ate navy, the object of this tribute being to
make a suitable public recognition of the
brilliant services conferred by that officer
on the causa of maritime science. Sir John
Parkington, M. P., presided, and amon
those present were most of the representa
tives of foreign powers, and a great num
ber of distinguished British naval officers
and men of science. We take the following
account of the proceedings from the London
Dally JTetcs; -
After the usual toasts, followed by that
of "The Diplomatic Corps," the chairman
proceeded to present the testimonials. In
doing so, addressing the gallant Captain
! personally, he congratuUted him on hating
-r.:s; puLASKI, TEKpSSEE, FRIDAY ' MORNING," JUL1' 27, 1866, : V' ;
i i it hii iiMMMisMBMlMllBHBIlfMBsWMMHiWMM8s
devoted . his ' noble intellect to. a, purpose
which had in . the result conduced so great- ,
y to the lasting benefit of mankind. lie
then traced the history of his scientific ais- ;
coyeries, and referred to the practical ad-.;
vantages which the public were now deriv
ing from them. In the voyage of, a ship
from England to India or China, there was,
he observed, a saving of 256.--
What then must be the annual aggregate
saving on thevoyages of all the ships of
this country? It was when Captain Maury s
fame was at its heiarht that there broke out
the unfortunate civil war between the North
and South a war in .whicb, being a South;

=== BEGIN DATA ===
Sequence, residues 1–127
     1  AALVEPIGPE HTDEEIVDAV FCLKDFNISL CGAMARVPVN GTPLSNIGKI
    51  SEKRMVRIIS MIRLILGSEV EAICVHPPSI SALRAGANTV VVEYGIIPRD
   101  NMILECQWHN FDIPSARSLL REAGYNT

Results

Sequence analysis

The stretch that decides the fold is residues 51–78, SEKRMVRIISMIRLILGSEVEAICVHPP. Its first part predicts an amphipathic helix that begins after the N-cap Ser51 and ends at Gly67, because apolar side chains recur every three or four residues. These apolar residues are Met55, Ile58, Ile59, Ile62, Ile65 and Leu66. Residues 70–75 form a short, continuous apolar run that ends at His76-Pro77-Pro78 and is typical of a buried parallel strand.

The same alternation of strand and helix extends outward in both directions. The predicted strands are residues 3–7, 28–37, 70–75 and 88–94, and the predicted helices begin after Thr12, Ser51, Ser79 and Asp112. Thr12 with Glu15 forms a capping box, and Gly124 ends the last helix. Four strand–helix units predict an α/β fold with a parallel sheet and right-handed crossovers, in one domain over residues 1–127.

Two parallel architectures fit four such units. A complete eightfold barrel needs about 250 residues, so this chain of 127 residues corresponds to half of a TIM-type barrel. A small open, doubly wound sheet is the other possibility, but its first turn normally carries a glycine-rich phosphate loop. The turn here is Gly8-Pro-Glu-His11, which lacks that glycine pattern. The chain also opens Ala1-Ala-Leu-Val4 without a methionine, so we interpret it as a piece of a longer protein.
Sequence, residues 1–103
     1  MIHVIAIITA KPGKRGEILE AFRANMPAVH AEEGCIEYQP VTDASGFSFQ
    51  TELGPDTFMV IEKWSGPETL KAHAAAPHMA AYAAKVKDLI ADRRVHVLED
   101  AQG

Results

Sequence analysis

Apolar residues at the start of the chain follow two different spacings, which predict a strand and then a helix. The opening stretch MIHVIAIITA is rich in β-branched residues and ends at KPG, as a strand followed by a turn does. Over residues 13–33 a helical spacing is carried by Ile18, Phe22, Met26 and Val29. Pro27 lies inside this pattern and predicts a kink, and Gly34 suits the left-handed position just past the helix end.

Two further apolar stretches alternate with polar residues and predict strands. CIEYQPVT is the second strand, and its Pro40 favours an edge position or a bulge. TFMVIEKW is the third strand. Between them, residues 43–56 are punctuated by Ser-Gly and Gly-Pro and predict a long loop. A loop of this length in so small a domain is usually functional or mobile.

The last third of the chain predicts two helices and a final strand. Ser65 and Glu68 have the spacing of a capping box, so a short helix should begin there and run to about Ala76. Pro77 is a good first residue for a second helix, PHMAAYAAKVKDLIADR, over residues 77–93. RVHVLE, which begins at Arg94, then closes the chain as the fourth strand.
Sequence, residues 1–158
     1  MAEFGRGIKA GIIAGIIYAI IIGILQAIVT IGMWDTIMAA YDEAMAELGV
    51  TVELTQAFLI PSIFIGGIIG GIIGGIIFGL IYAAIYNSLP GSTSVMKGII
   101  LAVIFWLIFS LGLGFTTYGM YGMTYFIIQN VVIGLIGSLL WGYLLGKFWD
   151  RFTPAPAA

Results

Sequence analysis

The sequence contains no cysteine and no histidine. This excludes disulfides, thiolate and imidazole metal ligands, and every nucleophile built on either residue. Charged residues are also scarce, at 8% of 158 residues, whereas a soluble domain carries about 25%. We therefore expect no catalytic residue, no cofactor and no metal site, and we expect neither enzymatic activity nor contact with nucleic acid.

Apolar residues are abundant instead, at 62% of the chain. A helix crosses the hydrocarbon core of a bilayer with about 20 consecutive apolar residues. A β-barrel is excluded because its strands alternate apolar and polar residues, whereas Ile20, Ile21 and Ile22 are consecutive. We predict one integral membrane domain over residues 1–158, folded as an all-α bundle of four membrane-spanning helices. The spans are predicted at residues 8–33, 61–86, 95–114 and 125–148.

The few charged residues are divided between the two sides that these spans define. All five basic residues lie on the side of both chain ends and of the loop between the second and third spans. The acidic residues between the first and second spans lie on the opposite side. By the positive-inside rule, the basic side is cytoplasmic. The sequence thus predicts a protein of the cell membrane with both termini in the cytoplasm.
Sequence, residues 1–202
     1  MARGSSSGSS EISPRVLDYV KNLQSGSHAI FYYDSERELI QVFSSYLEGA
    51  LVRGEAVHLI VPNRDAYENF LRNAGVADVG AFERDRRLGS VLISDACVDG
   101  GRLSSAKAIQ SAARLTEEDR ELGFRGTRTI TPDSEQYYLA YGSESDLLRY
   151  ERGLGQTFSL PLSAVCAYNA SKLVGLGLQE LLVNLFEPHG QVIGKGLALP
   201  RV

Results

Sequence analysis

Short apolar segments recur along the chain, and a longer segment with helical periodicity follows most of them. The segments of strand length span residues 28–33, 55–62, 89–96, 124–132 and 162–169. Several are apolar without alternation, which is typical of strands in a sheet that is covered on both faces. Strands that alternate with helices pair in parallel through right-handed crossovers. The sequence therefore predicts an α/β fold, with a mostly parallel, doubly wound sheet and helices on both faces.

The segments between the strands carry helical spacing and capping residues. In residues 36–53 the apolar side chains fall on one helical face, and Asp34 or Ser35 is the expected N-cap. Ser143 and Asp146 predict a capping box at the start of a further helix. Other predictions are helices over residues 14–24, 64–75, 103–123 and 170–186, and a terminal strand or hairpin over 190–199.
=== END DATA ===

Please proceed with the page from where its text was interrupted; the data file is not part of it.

erner by birth', he took the part worthy of
his character and career. TLoud cheers.J
He then adverted to the fact that after
the war had terminated tl ga'laut Captain
W23 invited by the Grand Duke Constantine
to take up his abode in Russia, and by
Prince Napoleon to accept a home in France.
The testimonial now to be presented com
menced, about a year ago. Holland sub
scribed about 1,000, Russia sent 1,000,
and a large amount was also collected, in
this country. And he now, in the name of
England of Europe and the civilized. world,
has to' request Captain-Maury to accept a
testimonial, considerably .. exceeding in
amount three thousand guineas, as a recog
nition of esteem, admiration and gratitude.
Great cheering. , . r, . ;
. He concluded by reading an address ex
pressive of the object of the presentation,
and having handed the money to the guest
of the evening. in a silver casket, he pro
posed s his health,; which . was drank with
three times three, amid great enthusiasm.
. Captain Maury commenced by repudi-.
ating the notion that he was deserving such
an acknowledgement. Forty years ago, he
said, it was his good fortune to enter on a
field of discovery in which the harvest was
ready at hand. . Very soon a fleet scattered
all over the world was engaged in observing
certain phenomena of the field and air; and
at a very email cost ships of all nations
were converted into temples ; of science. 0f fidelity.. IQ Pompeii as in other coun
Cheers. The necessity of combination in tries the jog was worshipped for his fideli
the researches made led to the conference at ty, and left in charge of vast treasures.
Brussels, and now he saw a brilliant assem- ye see him in pictures to-day, guarding
blage aiet to celebrate the results which safea and guarding women and children
had been achieved. In conclusion, the rescuiD0. snow-bound pilgrims from Alpine
gallant Captain declared hi3 utter inability
to acKnowieage in appropriate terms ine
handsome testimonial just presented, and
said he must therefore express it with seal-
ed lips and the eloquence of eilane. Loud
Among the remaining toasts was ."Our
Foreign Visitors," proposed by Lord Wil-
ham Orosvenor, M. tr ., which was- respon-
ded to by Commodore Jansen, of the Royal
Dutch Navy, and General Beauregard, of
the late Confederate States of Araenca. the
atter of whom was treated with special
cordiality, ; ;
. . -Tne Bible. .... : ;,-.